Tamil Nadu: Part 1

March 1, 2011

My trek across Tamil Nadu was a whirlwind tour of temples and the cities that grew around them. My mind was thrown all over the place as I immersed myself in trying to learn a bit about Hinduism, while at the same time, getting into the rhythm of long-term travelling. Beginning in Kanyakumari, which is the southernmost tip of India, I headed north to Madurai, then through Trichy and Thanjavur, and then up to Pondicherry, Mahabalipuram, and finally Chennai. Each one of these cities deserves and entire blog post, decked out with photos and notes, but in an effort to keep some of the mystery alive for those would-be travelers out there (and to keep you awake), I will try to keep it short.

The post is in two parts, with some notes (in italic) I took while on the road interspersed in between. You can read about whichever city you like, or just skip it and look at the pictures.

Kanyakumari is the southernmost tip of India and the is location where the Bay of Bengal, the Indian Ocean, and the Arabian Sea meet. Although devastated by the 2004 tsunami, the town is now back to (what I imagine is) its former bustling self. It is an intensely religious place for Hindus, and bathing in the ocean is considered to be especially auspicious. I cannot describe what it is like to put your feet into the ocean; it is truly a powerful experience knowing the importance of the place, both geographically, historically, and spiritually. Bathing there was one of the highlights of my time here.

-On trains, I often wish I could speak Hindi just to know what all of the Indian mothers get so worked up about all the time.

Madurai is one of the oldest cities in South Asia, and it certainly felt that way. The city is a maze of narrow streets packed with every means of transportation imaginable traveling on roads covered in potholes, dust, and dirt. I got lost in about thirty seconds from leaving the door of my hotel, and at some point just gave up trying to figure out where I was. Luckily I was saved by my new friend and tour guide for the day, Sekar, who somehow convinced me to spend some time putting around the city on his rickety old bike-taxi. He took me everywhere, from the temple markets, to Gandhi’ s blood-stained dhoti he was wearing when assassinated, to crazy markets in the suburbs, to a place where people dry cow patties to burn in their stoves at night. I ended up spending the whole day with him and then woke up at dawn the next morning to spend a few hours enjoying the famous Sri Meenakshi-Sundareshwarar Temple complex at sunrise, which is both Madurai’s physical center and spiritual soul.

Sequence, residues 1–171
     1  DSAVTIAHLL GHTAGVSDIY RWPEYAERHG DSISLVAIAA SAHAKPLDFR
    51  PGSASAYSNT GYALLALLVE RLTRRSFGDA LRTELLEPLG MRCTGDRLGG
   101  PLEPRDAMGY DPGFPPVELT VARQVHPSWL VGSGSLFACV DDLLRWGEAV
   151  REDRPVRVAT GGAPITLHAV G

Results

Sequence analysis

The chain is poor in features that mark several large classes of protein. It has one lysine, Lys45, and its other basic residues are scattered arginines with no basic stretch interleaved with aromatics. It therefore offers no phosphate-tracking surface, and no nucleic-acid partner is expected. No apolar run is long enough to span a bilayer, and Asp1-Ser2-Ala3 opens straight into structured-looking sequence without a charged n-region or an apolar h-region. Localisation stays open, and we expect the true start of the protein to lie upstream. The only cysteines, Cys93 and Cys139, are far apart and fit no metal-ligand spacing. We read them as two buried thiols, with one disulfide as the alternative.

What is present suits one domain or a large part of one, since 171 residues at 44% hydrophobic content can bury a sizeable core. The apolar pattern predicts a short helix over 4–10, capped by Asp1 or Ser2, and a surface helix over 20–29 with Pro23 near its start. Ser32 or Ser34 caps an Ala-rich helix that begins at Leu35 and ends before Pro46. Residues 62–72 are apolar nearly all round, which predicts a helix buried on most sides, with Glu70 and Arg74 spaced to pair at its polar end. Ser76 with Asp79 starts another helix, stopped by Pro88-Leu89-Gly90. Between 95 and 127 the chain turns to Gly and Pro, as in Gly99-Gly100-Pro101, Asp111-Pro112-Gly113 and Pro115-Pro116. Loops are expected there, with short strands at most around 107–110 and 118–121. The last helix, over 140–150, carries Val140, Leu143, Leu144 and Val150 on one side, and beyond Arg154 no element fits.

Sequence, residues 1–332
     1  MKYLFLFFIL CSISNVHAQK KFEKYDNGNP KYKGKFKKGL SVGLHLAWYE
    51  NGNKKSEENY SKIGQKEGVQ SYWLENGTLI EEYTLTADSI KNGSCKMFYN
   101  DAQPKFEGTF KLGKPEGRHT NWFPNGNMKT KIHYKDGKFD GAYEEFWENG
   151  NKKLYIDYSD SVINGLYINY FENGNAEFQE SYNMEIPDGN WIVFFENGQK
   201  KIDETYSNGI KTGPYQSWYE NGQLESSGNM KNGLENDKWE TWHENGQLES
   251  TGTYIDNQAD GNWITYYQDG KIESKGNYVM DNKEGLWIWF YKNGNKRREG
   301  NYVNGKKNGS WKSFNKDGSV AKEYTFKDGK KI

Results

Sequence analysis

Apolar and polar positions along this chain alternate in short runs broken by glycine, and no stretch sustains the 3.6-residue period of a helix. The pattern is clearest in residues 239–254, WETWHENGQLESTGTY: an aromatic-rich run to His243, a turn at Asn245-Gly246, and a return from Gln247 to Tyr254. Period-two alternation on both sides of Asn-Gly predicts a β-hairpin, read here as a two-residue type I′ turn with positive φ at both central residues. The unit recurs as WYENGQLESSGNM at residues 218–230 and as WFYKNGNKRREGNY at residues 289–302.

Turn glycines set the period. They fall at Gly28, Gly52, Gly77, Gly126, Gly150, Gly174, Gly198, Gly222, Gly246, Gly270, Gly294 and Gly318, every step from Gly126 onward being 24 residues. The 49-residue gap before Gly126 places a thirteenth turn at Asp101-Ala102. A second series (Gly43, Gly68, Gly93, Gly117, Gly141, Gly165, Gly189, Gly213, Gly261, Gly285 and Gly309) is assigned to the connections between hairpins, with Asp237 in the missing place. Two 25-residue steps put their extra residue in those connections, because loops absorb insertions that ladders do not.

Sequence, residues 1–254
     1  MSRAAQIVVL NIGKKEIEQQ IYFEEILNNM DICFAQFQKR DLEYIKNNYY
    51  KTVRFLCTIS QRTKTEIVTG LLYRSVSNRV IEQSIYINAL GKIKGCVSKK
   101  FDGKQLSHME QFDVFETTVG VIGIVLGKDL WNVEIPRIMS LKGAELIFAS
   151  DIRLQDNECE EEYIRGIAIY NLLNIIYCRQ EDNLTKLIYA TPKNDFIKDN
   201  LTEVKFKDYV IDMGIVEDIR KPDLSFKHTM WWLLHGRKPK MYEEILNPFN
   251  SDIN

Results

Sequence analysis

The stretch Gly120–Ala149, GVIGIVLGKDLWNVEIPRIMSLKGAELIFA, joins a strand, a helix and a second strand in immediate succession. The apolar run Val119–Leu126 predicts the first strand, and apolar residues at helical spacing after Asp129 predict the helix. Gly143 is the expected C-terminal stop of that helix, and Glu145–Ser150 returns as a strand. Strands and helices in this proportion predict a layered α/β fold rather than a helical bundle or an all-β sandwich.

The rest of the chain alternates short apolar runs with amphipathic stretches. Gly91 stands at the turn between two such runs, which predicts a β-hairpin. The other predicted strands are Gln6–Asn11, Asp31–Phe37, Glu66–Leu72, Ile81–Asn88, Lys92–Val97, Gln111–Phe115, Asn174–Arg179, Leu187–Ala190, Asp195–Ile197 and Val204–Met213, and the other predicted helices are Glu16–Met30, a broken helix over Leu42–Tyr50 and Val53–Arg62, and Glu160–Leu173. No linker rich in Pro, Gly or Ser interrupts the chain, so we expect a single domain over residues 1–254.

-You have to be open in India; you close up, you miss out.

-I often find myself using the patented Mike Sanders method of communication; a small collection of choice words in Hindi coupled with intense hand motions and facial expressions.

-Lots of Mahindra 475 d1 tractors in the fields. I feel like I am missing out at home.

I then bussed it up to the chaotic city of Trichy, where I got a stunning view of the whole city from the Rock Fort and visited the massive temple complex at Srirangam. Temples in South India are quite different in their layout but often very similar in the execution. So while seeing the temple at Srirangam was certainly interesting, but it still felt a lot like I was back in Madurai, because the temples are of the same style and scale.

-Most cities seem to open up around 9am, which is odd considering that 6am-9am is the coolest part of the day.

-Indian fashion is a funny thing. The 70s are still raging here in the subcontinent, with tall, skinny kids trying to be Indian gangsters, decked out in bell bottoms and tucked in shirts with massive collars, buttoned only halfway up. In the south specifically, almost without exception, younger women wear kurtas, older women wear saris; younger men wear western clothes, older men wear lungis.

However when I arrived in Thanjavur the next day, I was pleasantly surprised to find a peaceful, quiet temple complex that actually looked old, surrounded by that chaotic Indian city that I am learning to love. The temple was unpainted unlike most of the other boldly colorful temples around India, so it felt more like an ancient ruin than a fully-functioning temple. Thanjavur is also famous for its Chola bronzes, so I made sure to spend some time at the Thanjavur Art Gallery getting to know exactly what a Chola bronze was.

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